Hall Pass

28 02 2011

CRUDE AND SHORT ON LAUGHS

Don’t be afraid to admit it: at one point, we’ve all dreamed about having a ‘hall pass’, a once-in-a-lifetime chance to be free of life’s commitments. In this comedy, two friends are given the opportunity to be free from their married lives and do “whatever they like.”

Owen Wilson plays Rick, a loving husband and dutiful father who has a weakness for beautiful women. His wife, Maggie (Jenna Fischer) can tell that he is torn between staying faithful and fulfilling his sexual fantasies. Under advice from a friend, Maggie grants Rick a one week vacation from his marriage to do whatever he likes.

Another awkward moment in Hall Pass

Whether or not this friend was joking, Rick and his friend Fred (Jason Sudeikis) are now quasi-single and face a world of opportunities. The first place they go to celebrate this newfound freedom is, obviously, Applebee’s.

It takes approximately one night for Rick and Fred to realize that a Hall Pass is not everything they’ve imagined. Firstly, at the end of the day, they’re still married men and fathers. Secondly, they’re far too old to connect with the girls that they want to sleep with. Watching two middle aged men make painfully awkward sexual advances towards younger women comprises about half of the movie.

The crude humour and language had many older members of the audience groaning, but young movie-goers will realize that it’s not far off from how many people speak (or at least think). One of the highlights is when Rick and Fred are being unknowingly watched on surveillance cameras by a room full of people, including their wives, and begin to banter about everything from fake breasts to…cruder things.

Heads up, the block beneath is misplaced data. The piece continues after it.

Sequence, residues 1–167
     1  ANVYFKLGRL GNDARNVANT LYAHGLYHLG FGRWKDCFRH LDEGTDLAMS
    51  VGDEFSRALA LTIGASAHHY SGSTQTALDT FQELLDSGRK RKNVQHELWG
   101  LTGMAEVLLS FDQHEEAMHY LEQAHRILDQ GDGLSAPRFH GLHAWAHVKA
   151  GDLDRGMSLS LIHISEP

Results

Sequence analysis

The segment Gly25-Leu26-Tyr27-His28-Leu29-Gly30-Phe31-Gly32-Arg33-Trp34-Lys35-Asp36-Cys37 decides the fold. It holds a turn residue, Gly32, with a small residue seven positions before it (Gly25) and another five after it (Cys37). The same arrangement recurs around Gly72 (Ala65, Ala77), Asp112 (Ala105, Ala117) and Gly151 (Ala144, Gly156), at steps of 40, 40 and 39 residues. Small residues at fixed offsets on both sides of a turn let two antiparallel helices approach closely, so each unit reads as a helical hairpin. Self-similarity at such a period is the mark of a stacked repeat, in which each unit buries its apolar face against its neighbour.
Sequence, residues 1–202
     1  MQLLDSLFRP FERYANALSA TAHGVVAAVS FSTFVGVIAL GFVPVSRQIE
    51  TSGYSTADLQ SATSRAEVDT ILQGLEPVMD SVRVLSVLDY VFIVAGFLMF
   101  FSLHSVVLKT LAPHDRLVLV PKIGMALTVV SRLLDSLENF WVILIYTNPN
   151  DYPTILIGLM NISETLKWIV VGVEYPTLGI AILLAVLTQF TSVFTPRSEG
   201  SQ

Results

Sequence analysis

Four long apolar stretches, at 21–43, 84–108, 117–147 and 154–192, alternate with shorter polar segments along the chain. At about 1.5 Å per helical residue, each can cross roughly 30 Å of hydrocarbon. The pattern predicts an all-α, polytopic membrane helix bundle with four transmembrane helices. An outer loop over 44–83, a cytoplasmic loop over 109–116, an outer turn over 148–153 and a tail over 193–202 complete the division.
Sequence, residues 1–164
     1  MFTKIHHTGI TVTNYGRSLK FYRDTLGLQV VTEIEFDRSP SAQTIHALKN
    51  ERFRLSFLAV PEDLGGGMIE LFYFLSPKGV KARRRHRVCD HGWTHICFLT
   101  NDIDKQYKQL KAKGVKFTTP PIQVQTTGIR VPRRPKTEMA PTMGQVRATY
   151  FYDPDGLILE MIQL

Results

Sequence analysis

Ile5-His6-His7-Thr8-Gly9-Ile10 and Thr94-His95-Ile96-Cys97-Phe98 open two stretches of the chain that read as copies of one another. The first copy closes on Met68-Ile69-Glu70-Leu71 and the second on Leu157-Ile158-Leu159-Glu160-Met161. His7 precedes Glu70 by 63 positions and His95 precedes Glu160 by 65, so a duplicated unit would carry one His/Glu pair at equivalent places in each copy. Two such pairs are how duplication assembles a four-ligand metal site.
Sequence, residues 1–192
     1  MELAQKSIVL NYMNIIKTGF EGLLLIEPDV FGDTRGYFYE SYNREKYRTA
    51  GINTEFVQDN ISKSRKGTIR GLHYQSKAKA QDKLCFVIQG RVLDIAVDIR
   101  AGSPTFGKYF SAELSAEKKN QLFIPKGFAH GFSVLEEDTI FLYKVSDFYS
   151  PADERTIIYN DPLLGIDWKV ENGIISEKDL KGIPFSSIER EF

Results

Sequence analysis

The laughs may be cheap, but the movie debates a serious issue. At the beginning, joking about infidelity is a way of letting off steam. As the plot progresses, however, the issue of a hall pass drives the characters to question themselves and their marriage. Several recent movies have tried to explore serious issues through comedy (The Dilemma, or Click), but I feel this heaviness is best left for other genres to explore.

Both the characters and the audience realize the conclusion of Hall Pass early on. Nevertheless, the actors remain charming, and the chemistry between Wilson and Sudeikis keeps us entertained for the remainder of the movie. There are also some memorable scenes involving intoxicated golfers and a naked adventure in a sauna.

All in all, Hall Pass is at its best when it is crude. Couples will giggle at the relationship-type humour, and, at the very least, it adds several new words to our lexicon (fake chow, anyone?). Despite that, I was expecting more laughs, and I once again left a comedy feeling slightly cheated into watching a drama.

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